Amendment to Ron Paul’s “Audit the Fed” Bill Isn’t A Bad Compromise

Rep. Ron Paul’s “Audit the Fed” bill has been back in the national conversation the past week with news of an amendment offered by North Carolina Rep. Mel Watt (D). The Ron Paul amendment would have the GAO audit Fed monetary policy decisions, including the recent expansion of the Fed balance sheet in the wake of the financial crisis meltdown. Rep. Watt’s amendment essentially would essentially have the GAO audit just the ways the Fed has been lending money over the past 18 months by claiming special circumstance.

In today’s Journal, Anil Kashyap and Frederic Mishkin argue that Rep. Paul’s bill would be dangerous because it would overexpose the Fed and hurt independence. This argument has been the major one from Paul’s critics all along. But they support Rep. Watt’s amendment as a positive thing Congress can do to hold the Fed accountable. And I agree that it is a good compromise. Kashyap and Mishkin write:

Congress is considering an amendment to the bill that would prevent the negative consequences of the original Paul legislation. This amendment, put forward by Rep. Mel Watt (D., N.C.) would change the focus of the bill by instructing the GAO to audit the new lending facilities at the Federal Reserve that were authorized under the 13(3) “unusual and exigent circumstances” clause of the Federal Reserve Act. The 13(3) lending authority, which had not been used by the Fed since the Great Depression, was the basis for many of the most controversial decisions made during the crisis, including the rescue of AIG and the establishment of new lending facilities.

This audit would involve oversight of the operational integrity of these facilities’ accounting, internal controls, and protection against losses. It would also disclose the borrowers from these facilities one year after the facilities are closed. The audit would produce new, important information that is not otherwise available and would play to the strengths of the GAO. And the amendment would exempt the Fed’s normal monetary policy actions from the audit.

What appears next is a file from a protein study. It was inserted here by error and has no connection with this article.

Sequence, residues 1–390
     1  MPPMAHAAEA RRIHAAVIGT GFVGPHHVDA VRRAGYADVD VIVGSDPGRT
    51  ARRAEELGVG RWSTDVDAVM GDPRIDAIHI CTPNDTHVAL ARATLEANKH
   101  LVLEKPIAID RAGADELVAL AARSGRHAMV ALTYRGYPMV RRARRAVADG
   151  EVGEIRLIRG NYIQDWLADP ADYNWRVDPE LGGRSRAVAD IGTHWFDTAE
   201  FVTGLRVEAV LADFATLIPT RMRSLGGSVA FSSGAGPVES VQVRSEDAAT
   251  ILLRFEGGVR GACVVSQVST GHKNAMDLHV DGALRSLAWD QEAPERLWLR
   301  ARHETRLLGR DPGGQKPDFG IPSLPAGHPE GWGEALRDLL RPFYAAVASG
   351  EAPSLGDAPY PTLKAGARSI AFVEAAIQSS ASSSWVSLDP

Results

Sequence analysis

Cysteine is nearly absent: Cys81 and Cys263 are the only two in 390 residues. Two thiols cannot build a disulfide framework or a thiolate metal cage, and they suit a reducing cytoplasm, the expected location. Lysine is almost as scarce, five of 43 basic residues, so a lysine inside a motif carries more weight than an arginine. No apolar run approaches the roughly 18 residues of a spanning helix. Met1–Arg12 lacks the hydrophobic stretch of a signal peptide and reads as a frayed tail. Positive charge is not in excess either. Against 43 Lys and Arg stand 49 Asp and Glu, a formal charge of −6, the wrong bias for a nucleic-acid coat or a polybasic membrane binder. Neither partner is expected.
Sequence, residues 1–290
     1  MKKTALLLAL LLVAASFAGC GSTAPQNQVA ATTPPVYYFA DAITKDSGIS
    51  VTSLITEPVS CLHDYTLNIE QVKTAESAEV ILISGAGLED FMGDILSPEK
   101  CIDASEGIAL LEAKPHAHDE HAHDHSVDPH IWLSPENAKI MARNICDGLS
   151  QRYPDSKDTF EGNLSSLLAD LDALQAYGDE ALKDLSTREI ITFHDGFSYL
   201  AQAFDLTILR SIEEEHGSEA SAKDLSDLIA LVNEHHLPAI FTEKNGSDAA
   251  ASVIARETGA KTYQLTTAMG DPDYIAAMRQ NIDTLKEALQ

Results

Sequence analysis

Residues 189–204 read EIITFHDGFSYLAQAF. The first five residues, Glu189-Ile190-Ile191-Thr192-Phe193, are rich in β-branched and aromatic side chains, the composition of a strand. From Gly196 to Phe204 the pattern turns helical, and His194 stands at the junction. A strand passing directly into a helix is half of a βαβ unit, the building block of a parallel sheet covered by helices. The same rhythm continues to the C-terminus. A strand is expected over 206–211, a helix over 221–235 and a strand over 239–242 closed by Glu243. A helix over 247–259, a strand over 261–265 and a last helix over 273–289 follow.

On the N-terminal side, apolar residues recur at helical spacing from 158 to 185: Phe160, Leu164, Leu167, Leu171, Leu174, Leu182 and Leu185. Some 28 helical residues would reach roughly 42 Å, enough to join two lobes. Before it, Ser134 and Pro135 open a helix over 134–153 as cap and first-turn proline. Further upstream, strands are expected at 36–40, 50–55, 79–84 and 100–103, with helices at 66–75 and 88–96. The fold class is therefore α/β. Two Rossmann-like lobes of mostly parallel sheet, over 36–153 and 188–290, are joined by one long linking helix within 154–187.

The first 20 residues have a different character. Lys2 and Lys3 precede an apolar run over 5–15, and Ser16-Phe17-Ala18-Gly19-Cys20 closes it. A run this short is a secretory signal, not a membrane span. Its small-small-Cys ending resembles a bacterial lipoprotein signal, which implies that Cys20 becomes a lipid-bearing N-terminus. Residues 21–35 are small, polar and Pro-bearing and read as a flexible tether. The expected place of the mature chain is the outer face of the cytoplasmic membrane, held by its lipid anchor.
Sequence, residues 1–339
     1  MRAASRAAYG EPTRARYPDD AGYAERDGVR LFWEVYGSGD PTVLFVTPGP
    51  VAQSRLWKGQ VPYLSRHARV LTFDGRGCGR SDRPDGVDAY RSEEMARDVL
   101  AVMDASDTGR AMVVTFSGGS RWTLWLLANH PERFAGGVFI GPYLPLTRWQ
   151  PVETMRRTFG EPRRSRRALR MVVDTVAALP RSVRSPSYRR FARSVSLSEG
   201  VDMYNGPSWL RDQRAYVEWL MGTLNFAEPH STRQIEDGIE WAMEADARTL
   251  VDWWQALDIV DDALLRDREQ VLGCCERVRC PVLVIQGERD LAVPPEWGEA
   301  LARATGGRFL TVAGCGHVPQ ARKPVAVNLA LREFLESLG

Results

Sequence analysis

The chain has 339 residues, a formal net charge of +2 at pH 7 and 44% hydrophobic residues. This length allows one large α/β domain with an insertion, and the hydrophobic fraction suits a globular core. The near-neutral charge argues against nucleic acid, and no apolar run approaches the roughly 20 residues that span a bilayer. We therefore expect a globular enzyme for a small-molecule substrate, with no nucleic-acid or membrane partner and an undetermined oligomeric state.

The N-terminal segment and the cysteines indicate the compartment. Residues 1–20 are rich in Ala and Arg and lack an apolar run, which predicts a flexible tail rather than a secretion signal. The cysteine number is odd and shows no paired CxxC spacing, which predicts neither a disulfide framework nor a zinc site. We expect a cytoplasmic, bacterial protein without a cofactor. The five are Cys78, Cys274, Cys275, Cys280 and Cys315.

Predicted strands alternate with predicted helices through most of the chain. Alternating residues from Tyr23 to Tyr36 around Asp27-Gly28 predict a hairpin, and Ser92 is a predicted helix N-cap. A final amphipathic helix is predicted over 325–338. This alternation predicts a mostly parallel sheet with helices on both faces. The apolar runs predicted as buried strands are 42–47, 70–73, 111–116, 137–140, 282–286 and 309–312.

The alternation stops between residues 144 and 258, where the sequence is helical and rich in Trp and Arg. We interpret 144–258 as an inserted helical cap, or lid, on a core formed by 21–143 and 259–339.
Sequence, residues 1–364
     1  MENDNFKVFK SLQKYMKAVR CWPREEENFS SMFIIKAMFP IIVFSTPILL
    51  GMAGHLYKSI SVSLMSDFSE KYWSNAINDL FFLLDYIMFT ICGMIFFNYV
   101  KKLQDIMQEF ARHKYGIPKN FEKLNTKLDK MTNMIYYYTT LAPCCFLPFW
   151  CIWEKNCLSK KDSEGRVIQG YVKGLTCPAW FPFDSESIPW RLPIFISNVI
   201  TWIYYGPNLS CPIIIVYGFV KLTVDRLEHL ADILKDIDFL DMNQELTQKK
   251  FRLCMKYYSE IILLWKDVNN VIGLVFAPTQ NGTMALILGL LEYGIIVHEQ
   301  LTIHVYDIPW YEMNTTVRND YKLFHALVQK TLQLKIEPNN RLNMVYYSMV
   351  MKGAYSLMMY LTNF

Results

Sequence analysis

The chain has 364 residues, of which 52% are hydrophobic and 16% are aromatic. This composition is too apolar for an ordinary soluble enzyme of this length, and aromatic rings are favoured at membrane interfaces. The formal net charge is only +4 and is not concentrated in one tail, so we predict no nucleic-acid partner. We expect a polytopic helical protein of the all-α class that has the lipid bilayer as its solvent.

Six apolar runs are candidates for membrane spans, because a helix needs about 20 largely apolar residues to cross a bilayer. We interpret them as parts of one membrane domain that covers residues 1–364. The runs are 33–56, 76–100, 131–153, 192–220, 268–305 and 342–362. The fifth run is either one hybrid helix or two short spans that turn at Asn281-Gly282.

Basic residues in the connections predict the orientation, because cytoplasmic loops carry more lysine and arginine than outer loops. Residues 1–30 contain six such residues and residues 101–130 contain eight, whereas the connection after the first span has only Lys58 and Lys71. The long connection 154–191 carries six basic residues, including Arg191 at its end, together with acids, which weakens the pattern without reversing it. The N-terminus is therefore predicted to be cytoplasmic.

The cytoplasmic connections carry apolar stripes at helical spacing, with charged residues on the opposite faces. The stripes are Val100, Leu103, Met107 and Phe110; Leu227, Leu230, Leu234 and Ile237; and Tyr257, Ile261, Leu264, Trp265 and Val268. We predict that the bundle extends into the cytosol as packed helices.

Now, I wrote back in July that I more or less supported the Ron Paul bill:

…does the proposed GAO audit of the Fed constitute a threat of its independence. The audit is not an attempt to control interest rates. The audit would not make monetary policy recommendations the Fed would be forced to follow. The audit would simply provide an outside perspective. Congress doesn’t need a tool to intimidate the Fed into changing rates since the Fed isn’t completely independent. Now, I’m not sure what Congress plans to do after the GAO audits the Fed, but if there is any debate here, it should be over the value of transparency itself.

I still disagree with Kashyap and Mishkin that the GAO audit would destroy independence. As they point out in their editorial, most of the monetary policy information is already public. And it is unlikely that a GAO opinion on monetary policy will shift the market much. The more important part of the bill—which is why I supported the Paul bill—is a review of where all the money the Fed has been lending is going.

The Fed has lent billions as a way of controlling interest rates and providing liquidity to the marketplace. They have not been upfront with where the money went, and it should be public information to keep the Fed accountable. Even if it is just a Congressional committee that sees an “eyes only” report.

Rep. Paul claims that the Watt amendment guts his bill, as my colleague Adam Summers noted last week. But if the issue is keeping the Fed accountable, then the sensible approach would be a bill that requires an audit of the “exigent circumstances” lending facilities. The Watt amendment might not be everything Rep. Paul wants, and it might need to be tweaked to get it just right, but the compromise path here would lead to the fastest approval of some necessary accountability checks on the Fed.